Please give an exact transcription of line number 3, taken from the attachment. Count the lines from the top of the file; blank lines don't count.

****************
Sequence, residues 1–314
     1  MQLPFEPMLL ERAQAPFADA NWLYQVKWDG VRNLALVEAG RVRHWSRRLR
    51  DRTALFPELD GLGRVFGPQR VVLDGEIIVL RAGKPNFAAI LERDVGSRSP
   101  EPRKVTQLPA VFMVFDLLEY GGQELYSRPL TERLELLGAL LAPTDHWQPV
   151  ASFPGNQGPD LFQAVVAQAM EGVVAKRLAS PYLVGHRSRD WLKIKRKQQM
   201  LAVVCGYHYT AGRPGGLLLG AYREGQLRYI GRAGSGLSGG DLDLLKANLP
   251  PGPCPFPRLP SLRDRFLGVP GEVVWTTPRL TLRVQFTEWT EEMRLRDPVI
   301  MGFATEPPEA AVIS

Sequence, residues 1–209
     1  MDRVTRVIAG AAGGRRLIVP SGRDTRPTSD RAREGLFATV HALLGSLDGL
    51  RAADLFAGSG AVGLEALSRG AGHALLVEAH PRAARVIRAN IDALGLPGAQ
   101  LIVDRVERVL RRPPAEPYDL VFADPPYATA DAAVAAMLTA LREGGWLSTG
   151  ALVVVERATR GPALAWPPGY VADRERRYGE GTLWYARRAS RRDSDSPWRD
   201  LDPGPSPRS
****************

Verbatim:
    51  DRTALFPELD GLGRVFGPQR VVLDGEIIVL RAGKPNFAAI LERDVGSRSP